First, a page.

“The Australian High Commission came to our rescue and organised movement passes for each of the 450 passengers, which took a little longer than what we had initially estimated.
"The carrier is charging $2,200 per person and was fully sold out," he added.
The Australian High Commission helped the group with securing the necessary approvals for the flight and also arranged movement passes for people to be able to travel to the airport amid a nationwide lockdown.
But however, it clarified that it was “not in a position to endorse the flight.”
Mr Quinn said the fact that the Australian government helped them in arranging for approvals for the flight was itself a reflection of their support to the cause.
“The government is in a difficult position as the airline in question does not have a stellar safety record, therefore they are not endorsing it,” said Mr Quinn.
"Also, it has been organised privately by a group of individuals, so the government any way cannot endorse it," he added.
Melbourne-based banking manager, Munish Chopra who was stuck in India along with his younger brother, also expressed his relief at the near-end of their “ordeal.”
“I am relieved and happy that we are finally returning home after days of uncertainty,” said the 37-year-old who had gone to Ludhiana in northern India to meet his elderly parents.
“Everyone around me looks tired and worn out at the airport. But I am sure it is all going to be worth it once we touch down in Melbourne," said Mr Chopra.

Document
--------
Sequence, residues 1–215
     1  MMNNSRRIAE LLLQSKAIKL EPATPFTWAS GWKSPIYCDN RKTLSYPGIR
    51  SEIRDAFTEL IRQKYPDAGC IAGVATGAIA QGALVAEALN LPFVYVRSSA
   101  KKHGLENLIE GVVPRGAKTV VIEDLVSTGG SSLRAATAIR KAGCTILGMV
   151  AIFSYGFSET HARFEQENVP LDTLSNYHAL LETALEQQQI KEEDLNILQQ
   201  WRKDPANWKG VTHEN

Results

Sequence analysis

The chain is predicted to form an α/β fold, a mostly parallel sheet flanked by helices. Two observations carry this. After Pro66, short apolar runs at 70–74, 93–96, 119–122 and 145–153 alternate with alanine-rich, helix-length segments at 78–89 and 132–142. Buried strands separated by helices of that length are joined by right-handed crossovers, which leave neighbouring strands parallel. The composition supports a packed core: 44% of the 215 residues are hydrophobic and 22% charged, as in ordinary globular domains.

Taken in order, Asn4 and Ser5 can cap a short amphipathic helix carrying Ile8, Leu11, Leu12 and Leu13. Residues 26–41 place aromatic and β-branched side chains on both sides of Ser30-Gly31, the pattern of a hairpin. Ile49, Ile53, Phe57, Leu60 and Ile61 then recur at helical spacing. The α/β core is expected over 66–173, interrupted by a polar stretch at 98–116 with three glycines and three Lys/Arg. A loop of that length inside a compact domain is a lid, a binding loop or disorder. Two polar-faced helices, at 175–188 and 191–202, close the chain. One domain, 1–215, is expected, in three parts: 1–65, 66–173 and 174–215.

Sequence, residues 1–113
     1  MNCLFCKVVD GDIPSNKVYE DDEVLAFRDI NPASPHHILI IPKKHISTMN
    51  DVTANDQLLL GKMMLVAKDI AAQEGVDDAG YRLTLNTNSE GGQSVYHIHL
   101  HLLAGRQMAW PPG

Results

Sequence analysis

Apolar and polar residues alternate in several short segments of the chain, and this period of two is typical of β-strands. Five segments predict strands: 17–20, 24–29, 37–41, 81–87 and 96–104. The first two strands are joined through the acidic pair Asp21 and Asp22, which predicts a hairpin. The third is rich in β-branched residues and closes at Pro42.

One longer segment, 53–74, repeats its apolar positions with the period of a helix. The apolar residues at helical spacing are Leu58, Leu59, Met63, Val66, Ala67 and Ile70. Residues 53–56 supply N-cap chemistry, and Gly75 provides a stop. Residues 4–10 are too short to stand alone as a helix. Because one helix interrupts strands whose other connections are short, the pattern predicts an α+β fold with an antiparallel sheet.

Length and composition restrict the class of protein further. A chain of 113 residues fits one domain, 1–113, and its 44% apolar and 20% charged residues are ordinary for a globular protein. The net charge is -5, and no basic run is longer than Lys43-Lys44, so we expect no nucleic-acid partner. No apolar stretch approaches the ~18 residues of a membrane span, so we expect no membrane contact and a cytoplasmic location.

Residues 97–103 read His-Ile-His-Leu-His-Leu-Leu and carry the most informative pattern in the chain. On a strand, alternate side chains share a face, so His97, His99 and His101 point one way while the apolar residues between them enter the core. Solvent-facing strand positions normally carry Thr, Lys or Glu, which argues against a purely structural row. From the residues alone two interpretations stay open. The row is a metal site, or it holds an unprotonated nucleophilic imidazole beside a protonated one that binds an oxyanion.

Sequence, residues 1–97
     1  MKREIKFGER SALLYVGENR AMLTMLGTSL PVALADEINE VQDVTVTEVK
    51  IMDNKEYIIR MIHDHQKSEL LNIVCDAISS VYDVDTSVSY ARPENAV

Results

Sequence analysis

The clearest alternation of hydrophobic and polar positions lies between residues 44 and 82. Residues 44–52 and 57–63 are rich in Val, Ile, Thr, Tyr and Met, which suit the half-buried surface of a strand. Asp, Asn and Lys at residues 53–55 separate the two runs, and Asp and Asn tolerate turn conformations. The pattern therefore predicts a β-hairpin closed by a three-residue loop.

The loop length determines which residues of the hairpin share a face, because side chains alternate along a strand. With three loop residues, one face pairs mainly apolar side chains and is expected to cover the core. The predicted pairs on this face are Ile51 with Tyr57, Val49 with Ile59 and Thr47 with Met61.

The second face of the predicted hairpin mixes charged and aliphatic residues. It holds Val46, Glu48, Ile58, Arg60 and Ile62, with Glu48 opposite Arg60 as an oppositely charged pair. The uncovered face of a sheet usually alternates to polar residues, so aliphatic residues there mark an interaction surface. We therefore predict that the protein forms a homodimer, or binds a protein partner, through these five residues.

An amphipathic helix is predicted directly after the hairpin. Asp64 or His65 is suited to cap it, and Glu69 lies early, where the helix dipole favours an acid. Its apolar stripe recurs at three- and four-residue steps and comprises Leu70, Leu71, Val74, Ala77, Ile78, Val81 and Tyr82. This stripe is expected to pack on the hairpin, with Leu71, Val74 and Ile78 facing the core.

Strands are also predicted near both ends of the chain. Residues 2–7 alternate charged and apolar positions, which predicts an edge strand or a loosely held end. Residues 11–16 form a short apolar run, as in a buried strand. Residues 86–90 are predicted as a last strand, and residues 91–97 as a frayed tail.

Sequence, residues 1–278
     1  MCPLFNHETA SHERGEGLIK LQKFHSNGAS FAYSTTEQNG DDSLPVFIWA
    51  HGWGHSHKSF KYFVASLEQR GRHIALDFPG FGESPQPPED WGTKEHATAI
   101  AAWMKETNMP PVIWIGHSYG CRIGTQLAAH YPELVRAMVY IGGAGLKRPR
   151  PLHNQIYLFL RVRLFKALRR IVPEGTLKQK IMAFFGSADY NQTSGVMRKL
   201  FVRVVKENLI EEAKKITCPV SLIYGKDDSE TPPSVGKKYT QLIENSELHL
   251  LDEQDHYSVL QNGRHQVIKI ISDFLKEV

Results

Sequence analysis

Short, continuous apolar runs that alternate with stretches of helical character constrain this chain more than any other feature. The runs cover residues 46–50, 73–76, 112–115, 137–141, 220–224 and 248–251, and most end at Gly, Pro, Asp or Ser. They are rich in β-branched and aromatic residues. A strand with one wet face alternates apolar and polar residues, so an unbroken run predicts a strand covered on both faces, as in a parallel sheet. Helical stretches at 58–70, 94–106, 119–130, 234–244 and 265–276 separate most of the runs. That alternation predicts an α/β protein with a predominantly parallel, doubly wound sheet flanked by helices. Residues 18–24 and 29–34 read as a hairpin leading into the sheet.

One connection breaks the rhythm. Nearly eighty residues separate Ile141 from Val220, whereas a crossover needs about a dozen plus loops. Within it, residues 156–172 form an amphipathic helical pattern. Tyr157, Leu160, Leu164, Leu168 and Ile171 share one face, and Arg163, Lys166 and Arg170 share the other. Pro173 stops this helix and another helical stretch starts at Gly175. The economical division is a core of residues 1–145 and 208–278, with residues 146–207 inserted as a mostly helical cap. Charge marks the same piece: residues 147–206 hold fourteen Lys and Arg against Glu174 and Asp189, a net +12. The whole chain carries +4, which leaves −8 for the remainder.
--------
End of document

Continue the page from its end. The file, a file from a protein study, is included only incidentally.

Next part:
Sydney-based naval captain Arvinder Pal Singh who cannot wait to be united with his family said: "If there is anything good that has come out of our struggle, it is that strangers have now become family.”
“All of us stranded here in India have been rooting for each other like one big family. People are taking care of each other’s kids and helping elderly passengers,” said Mr Singh.
"I would like to extend my gratitude to all those who helped in organising the flight."
The flight is expected to land in Melbourne later tonight.
Following Australian requirements, the group will have to spend 14 days in quarantine at a designated accommodation from the day of their arrival.
The organisers claim there will be at least four more flights out of India in coming days to evacuate thousands of other Australians who remain trapped in India, as most states announce a lockdown extension to contain the virus, as the number of cases rises.
Click on the audio player above to listen to the interviews in Punjabi.
Coronavirus symptoms can range from mild illness to pneumonia, according to the Federal Government's website. Symptoms can include a fever, coughing, sore throat, fatigue and shortness of breath.
If you develop symptoms within 14 days of returning from overseas, you should call to seek medical attention.
If you don’t have symptoms but you have been in contact with a confirmed COVID-19 case, you should also call to seek medical attention.
If you believe you may need to get tested, call your doctor, don’t visit. Or contact the national Coronavirus Health Information Hotline on 1800 020 080.
If you are struggling to breathe or experiencing a medical emergency, call 000.